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PmWiki Installation

administrators (basic) This page explains how to download and install PmWiki 2.0. Here's a list of related pages:

  • Requirements - Requirements for installing PmWiki.
  • Upgrades - How to upgrade an existing installation.
  • WikiFarms - Running multiple wikis from a single installation.
  • ChangeLog - New features and bug fixes that are available.

Improvements to these instructions would be greatly appreciated. Just report any problems you encounter to the pmwiki-users mailing list or use the PmWiki Issue Tracking System.

Installing PmWiki

1. Download the latest version of PmWiki as a zip archive ( or a gzipped tarball (pmwiki-latest.tgz) from

2. Unpack the archive (tar zxvf pmwiki-latest.tgz or unzip This will create a pmwiki-x.y.z directory containing the PmWiki software. For example, the current "latest" should unpack to a directory named "pmwiki-2.0.2". The files in this directory include:

    COPYING            The GNU General Public License
    local/             A directory for local configuration scripts
    pmwiki.php         Main PmWiki script
    pub/               Directory of publicly accessible files
      css/             Directory for generic .css files
      skins/           Directory of layout templates (skins)
    sample-config.php  A sample configuration file
    scripts/           Some scripts that extend the possibilities of PmWiki
    wikilib.d/         Directory containing some default PmWiki files
    cookbook/          A directory for recipes obtained from the Cookbook.

3. The pmwiki-x.y.z directory needs to be placed into a location accessible by your webserver (e.g., in a public_html directory of some sort). You can place files and directories using a number of methods -- FTP, or a Unix mv or cp command generally does the job.

Note: It's probably also a good idea to change the "pmwiki-x.y.z" directory name to be simply "pmwiki".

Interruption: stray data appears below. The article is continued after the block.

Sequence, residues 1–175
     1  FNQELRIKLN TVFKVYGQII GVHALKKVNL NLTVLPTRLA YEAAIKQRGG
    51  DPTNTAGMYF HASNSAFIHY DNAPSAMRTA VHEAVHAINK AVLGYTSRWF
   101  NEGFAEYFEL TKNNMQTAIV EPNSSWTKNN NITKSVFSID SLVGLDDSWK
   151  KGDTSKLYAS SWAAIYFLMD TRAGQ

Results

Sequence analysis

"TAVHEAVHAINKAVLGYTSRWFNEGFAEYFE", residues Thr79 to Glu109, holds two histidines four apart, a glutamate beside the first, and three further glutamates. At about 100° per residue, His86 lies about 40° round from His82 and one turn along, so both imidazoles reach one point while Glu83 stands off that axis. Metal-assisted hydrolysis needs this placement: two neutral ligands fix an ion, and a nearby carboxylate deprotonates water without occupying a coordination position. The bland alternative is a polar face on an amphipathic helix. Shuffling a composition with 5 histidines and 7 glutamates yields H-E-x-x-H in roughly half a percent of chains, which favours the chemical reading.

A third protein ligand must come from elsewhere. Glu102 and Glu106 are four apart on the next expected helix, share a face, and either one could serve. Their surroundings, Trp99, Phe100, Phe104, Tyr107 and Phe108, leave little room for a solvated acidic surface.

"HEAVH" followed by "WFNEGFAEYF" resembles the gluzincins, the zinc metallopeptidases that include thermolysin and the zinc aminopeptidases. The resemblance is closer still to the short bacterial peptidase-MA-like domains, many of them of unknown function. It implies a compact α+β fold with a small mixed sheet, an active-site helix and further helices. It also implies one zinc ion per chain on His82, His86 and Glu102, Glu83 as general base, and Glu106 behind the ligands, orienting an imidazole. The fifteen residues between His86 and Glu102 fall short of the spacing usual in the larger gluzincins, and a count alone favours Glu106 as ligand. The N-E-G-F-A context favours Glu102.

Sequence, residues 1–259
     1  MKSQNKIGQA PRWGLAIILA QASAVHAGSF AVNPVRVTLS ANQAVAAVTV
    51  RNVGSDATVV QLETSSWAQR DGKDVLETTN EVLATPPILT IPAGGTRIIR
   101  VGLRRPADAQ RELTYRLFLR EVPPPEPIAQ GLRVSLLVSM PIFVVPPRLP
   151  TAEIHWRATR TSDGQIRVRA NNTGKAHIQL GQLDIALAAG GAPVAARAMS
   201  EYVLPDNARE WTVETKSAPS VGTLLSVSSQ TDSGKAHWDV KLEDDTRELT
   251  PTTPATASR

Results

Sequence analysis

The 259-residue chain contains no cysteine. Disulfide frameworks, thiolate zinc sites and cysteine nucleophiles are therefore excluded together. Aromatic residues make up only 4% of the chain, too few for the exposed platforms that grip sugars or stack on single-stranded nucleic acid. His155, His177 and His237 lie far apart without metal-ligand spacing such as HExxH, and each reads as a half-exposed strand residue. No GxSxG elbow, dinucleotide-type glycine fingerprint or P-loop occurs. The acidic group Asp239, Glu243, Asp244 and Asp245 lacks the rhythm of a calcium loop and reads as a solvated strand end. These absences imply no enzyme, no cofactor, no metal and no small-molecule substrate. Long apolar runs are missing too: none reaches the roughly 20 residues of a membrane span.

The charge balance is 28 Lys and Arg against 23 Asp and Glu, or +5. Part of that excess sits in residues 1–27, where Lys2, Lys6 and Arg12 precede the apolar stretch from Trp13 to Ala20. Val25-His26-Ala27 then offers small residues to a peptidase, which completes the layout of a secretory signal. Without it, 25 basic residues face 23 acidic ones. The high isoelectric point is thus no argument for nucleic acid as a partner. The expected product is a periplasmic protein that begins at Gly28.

4. Open a web browser to the pmwiki.php script on the server (i.e., not the one on your local computer or accessed using a file://... URL). PmWiki will then analyze your system configuration and provide instructions (if needed) for creating the wiki.d/ directory which will be used to hold the pages created for your site. Usually there are two ways to achieve this:

4a. You can create the wiki.d/ directory manually, and then give it full write permissions (i.e., "chmod 777 wiki.d")

4b. On some systems you can let PmWiki create wiki.d/ by temporarily changing the permissions on the directory containing the pmwiki.php file to 2777. In Unix this is commonly done by changing to the directory containing pmwiki.php and executing the command

        chmod 2777 .

(note the dot at the end). The chmod command also works in many FTP programs. Creating wiki.d/ in this manner will (1) make the directory writable so the web server can create the data directory it needs for the wiki files, (2) preserve group ownership of the directory so the installer account can manipulate the files created in this directory, and (3) make it more difficult for other accounts on the same server to access the files in wiki.d/.

5. After establishing directory permissions, try opening a browser to the pmwiki.php script again. If all is well, the wiki.d directory will have been created and you'll see the default home page.

Important: If you used method 4b, you should reset permissions by executing "chmod 755 ." in the directory containing pmwiki.php.

6. Check out Initial Setup Tasks for other tasks you may want to perform to begin customizing your PmWiki installation. You might also want to peruse the Release Notes for further information.


  • If using the Unix tar command to unpack the archive in step 2 above, be sure that the files are created with sufficient permissions for the webserver to be able to access them. Usually you can ensure this by typing umask 002 on the command line before unpacking the tar file.

  • Many admins add an index.php file in the pmwiki directory that contains the following single line:

    <?php include('pmwiki.php');

Note that the PHP closing tag " ?>" is omitted on purpose to be compatible with some operating systems that are confused by extra newlines.

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Page last modified on September 01, 2005, at 04:38 AM